Leaving home for the first time is an adjustment in and of itself. But when your next destination is over 2,000 miles away, there may be a little more in-store when you decide to plant your roots.
Alabama running back Najee Harris is one of those young men who have had to get used to a new lifestyle in Tuscaloosa but his on the field play only warrants adjustments from defenders who underestimate his skills as a player.
Especially those who haven’t respected him as a pass-catcher.
“Me being a big back, the assumption is OK, he’s big so he’s stiff, maybe,” Harris said to Fox Sports’ Reggie Bush on Thursday. “This is a typical stereotype. He’s stiff. He can’t make people miss that much. He’s not fast enough so me using that, me training to work on all these things or me just hearing that, I train for all those things. So I am in the position in a route or one-on-one coverage … that’s a perfect opportunity to show people, yes, I am a big back, but I can do everything that you in your days could do.”
Being an every-down back is integral to running a successful offense both at the college level and in the NFL where Harris will be headed in just a few months.
But gashing defenses for 120 plus yard performances wasn’t something that came easily to Harris. It was something he had to work rather hard for especially when considering the adaption he had to make from playing in the heat of California to the heat of Alabama.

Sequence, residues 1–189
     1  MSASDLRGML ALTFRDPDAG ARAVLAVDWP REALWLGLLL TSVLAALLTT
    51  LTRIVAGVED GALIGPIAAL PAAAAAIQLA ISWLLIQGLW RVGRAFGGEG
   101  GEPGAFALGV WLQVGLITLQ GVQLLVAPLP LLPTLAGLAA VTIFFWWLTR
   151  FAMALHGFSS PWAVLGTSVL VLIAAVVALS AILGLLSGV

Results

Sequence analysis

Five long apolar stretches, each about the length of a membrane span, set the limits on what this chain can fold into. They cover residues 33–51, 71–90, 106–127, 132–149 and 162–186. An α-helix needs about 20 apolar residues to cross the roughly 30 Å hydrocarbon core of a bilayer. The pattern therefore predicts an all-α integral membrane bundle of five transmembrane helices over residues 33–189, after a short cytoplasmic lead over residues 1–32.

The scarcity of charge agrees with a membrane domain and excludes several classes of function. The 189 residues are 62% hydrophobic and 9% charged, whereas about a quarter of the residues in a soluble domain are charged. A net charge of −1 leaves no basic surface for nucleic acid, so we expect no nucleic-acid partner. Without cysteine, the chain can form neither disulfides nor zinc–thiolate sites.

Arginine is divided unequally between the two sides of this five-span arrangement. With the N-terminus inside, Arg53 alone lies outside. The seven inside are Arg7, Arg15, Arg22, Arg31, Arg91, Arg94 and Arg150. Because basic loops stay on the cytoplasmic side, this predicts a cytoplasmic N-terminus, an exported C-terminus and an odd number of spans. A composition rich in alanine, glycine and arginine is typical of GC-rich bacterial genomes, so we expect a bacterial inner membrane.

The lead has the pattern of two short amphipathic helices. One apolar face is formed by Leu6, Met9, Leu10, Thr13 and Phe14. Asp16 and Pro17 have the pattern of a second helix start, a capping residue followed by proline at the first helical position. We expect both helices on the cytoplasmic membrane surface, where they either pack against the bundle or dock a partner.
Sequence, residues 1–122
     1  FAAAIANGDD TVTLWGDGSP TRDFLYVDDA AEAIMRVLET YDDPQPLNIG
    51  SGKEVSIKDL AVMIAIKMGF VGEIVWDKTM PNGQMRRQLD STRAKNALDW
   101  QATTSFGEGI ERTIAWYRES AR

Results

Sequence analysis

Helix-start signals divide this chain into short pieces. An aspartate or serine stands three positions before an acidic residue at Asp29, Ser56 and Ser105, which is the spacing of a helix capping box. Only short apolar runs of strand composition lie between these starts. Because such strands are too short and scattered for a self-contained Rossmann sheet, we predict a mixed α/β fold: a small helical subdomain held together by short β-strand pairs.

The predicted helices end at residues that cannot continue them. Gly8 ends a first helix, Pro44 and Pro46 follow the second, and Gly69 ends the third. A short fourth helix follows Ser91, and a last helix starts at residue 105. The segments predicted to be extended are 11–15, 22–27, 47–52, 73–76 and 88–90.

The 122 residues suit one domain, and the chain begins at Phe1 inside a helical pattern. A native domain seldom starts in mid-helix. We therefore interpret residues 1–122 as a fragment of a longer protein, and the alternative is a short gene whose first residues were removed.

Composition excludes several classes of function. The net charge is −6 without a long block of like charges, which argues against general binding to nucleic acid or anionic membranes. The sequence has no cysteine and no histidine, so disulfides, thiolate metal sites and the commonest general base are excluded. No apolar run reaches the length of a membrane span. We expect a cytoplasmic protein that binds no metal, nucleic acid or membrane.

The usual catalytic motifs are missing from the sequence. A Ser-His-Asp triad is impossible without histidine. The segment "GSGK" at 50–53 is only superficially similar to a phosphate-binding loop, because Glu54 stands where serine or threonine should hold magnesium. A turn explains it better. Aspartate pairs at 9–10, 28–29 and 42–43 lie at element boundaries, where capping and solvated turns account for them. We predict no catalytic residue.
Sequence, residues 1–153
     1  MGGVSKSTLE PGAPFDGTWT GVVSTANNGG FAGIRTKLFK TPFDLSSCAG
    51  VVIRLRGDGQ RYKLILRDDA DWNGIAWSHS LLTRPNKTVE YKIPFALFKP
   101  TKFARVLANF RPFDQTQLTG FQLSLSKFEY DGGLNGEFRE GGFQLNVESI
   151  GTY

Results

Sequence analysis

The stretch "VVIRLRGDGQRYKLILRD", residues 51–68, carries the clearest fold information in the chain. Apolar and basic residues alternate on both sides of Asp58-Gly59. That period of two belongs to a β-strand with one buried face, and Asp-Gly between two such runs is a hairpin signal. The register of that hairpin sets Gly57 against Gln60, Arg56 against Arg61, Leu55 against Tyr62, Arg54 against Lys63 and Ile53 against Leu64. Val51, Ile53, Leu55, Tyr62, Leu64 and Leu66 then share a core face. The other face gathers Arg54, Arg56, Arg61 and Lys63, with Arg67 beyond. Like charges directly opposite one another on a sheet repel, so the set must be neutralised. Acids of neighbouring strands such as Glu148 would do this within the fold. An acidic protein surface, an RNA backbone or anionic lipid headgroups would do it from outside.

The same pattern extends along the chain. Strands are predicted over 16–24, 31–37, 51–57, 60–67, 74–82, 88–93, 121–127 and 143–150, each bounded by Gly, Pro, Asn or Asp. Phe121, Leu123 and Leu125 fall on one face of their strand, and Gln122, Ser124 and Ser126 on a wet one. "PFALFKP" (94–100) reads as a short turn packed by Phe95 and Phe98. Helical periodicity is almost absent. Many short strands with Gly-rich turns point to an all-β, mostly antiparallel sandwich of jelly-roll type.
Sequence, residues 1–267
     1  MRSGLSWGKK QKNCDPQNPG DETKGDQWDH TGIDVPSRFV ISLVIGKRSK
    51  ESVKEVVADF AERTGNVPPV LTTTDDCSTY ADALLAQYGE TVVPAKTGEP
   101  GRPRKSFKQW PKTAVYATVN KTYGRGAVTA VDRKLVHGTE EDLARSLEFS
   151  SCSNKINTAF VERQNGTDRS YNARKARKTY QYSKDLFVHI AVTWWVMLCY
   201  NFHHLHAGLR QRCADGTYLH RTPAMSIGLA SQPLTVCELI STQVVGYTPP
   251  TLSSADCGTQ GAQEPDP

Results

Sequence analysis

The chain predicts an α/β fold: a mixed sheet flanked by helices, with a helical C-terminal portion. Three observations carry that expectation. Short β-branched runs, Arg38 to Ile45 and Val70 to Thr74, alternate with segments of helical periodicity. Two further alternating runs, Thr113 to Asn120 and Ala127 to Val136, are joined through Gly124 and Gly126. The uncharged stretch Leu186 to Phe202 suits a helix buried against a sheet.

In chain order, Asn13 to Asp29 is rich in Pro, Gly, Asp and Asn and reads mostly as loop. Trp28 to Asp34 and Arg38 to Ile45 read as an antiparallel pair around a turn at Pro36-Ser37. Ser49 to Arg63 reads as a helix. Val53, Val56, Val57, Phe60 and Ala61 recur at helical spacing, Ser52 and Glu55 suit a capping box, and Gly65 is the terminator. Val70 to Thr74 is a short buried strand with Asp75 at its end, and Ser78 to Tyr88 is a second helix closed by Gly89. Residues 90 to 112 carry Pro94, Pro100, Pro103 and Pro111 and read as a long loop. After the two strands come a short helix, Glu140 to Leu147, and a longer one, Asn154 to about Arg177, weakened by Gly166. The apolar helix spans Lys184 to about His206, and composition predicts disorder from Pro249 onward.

“You ain’t gotta worry about no humidity, you ain’t gotta worry about no tornados, you ain’t gotta worry about no weather changes you know what I’m saying? It’s just you know it’s California weather,” said Harris. “I come up here for my first practice, I’m like damn it that hot out here? I step outside I’m sweating. I’m like it ain’t hot to y’all?
“Till this day I’m not used to this damn heat.”
He also showed a hilarious story of head coach Nick Saban getting on Harris when he wasn’t doing so great with the heat during practice.
You can check it out here because words won’t do it justice.
“22, get up! This isn’t the West Coast!” ?@ohthatsNajee22 remembers his first @AlabamaFTBL practices in the Alabama heat and shares how he’s come to love training in the south ⬇️ pic.twitter.com/uAOhXzNa6J
— FOX College Football (@CFBONFOX) September 24, 2020
But if Harris is an example of a player who’s struggled with getting used to the heat of Alabama then every coach in the country will be scouring the nation for athletes like him.
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Patrick Dowd is a Reporter for Touchdown Alabama Magazine. You can follow him on Twitter, via Pat_Dowd77